A typical home with solar panels uses 50% of the energy it generates. If you sell the rest through an export scheme, you can cut your electricity bill by more than 60%.

So you won’t cover all your electricity costs – but you’ll usually break even less than halfway through its lifespan.

Even with one of the best solar batteries, you’ll typically only use 80% of the solar energy produced by your panels – and your break-even point will be about a decade more.

With enough solar panels and batteries, it’s possible to cover your entire electricity bill, but it’s not cost-effective.

woman smiling while looking at an energy bill and speaking on the phone

What’s the average electricity bill with solar panels in the UK?

The average electricity bill for a three-bedroom household with a 3.5 kWp system is £236 per year.

This represents a 70% saving on the amount the same home would pay for electricity without solar panels.

For more information, read our page that answers the question: are solar panels worth it in the UK?


You now have all the knowledge you need about how solar panels interact with your electricity bill.

The next step is to get quotes for your own panels.

Just provide a few quick details about your property, and we’ll put you in touch with our expert solar suppliers, who will provide you with quotes to compare.


Solar panels usually connect to your house’s electricity supply through the roof, into the top floor of your home.

Your installer will run wires from the solar panels to an inverter, which usually sits in the loft – though feel free to ask for a different position if you’d prefer.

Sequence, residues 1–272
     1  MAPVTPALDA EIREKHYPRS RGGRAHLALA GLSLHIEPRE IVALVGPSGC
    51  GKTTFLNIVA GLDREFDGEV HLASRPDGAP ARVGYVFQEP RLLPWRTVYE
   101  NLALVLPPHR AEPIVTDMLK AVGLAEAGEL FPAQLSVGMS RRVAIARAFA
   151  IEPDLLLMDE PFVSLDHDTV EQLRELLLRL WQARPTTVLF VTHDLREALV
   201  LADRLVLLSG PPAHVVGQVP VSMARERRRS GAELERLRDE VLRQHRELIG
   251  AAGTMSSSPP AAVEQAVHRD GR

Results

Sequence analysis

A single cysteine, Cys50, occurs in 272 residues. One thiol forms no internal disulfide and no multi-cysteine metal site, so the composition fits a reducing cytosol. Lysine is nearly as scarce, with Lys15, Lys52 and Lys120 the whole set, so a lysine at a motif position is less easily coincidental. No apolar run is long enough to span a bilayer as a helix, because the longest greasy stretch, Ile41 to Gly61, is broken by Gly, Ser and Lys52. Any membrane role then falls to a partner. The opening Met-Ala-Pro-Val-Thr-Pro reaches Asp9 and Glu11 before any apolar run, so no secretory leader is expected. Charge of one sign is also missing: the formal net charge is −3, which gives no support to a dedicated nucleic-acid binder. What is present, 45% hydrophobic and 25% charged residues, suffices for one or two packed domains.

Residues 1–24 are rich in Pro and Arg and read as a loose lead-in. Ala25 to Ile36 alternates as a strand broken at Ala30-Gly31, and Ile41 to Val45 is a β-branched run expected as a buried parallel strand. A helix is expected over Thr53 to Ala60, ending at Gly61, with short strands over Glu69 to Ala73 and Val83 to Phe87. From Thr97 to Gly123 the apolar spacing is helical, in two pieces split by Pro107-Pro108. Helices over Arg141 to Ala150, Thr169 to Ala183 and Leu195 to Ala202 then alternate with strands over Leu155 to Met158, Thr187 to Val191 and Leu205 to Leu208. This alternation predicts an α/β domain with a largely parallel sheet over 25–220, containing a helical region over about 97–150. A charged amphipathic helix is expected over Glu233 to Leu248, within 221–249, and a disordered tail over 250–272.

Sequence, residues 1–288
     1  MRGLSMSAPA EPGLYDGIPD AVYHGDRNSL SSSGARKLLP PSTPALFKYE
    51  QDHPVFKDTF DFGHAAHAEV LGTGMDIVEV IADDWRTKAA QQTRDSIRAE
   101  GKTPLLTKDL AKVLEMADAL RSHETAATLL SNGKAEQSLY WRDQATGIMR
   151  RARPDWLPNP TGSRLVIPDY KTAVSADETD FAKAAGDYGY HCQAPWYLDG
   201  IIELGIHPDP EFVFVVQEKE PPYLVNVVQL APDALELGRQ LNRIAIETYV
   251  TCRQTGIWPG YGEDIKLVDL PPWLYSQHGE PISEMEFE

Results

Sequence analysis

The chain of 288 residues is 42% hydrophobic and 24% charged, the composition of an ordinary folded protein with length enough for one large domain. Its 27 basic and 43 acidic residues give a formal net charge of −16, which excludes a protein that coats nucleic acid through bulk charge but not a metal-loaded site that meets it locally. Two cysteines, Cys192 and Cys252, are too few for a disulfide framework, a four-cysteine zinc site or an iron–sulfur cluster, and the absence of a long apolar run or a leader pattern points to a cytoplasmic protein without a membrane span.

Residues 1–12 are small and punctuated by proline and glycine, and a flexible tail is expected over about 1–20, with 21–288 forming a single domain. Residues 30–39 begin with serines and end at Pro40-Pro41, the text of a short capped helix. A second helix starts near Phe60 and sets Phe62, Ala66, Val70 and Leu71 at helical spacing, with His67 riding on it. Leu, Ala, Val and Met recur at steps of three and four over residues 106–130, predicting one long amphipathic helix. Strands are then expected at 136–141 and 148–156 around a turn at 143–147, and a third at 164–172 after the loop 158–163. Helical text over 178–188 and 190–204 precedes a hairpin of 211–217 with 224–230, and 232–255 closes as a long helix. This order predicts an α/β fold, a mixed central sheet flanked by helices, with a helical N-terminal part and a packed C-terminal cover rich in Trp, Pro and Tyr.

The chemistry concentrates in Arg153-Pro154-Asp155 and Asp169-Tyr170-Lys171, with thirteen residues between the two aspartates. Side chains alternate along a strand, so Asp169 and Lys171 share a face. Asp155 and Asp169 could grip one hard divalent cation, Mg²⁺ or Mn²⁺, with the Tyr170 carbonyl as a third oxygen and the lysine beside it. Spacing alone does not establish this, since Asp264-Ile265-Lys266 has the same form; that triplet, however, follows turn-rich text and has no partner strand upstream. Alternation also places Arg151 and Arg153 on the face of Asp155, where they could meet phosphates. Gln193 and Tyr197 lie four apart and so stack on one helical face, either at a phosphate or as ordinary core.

The installer will then connect the inverter to your consumer unit, also known as a fuse board or fuse box.

As soon as your installer has finished their safety checks and made sure the system works, you’re good to go.

Yes, you can change energy suppliers if you have solar panels.

You don’t have to tell either supplier, and the switch won’t even affect the payments you receive for exporting your excess solar energy – unless you want to get your new supplier’s export tariff too.

If your new provider offers a special export rate to customers who also use its import tariff, you may want to take advantage.

If your electricity bill doesn’t fall by much after getting solar panels installed, you may need to get more panels added to your system.

You could also try to run electric items like your dishwasher or washing machine during the day, when possible.

The more of your electricity usage you shift from night to daytime, the more solar energy you’ll use – and the more money you’ll save.

If you’re an Octopus import customer, you can receive around 24p per kWh for selling electricity back to the grid through Octopus Flux. That adds up to £317 per year for the average three-bedroom household.

If you’re not with Octopus, you can sign up to Scottish Power’s SmartGen tariff, which offers 12p per kWh – enough for the typical three-bedroom home to make £159 per year.

This is all thanks to the Smart Export Guarantee, a government-backed initiative that forces big energy suppliers to pay homeowners for any renewable energy they send to the grid.

Written by:
josh jackman
Josh has written about eco-friendly home improvements and climate change for the past four years. His work has been displayed on the front page of the Financial Times, he's been interviewed by BBC One's Rip-Off Britain, and he regularly features in The Telegraph and on BBC Radio.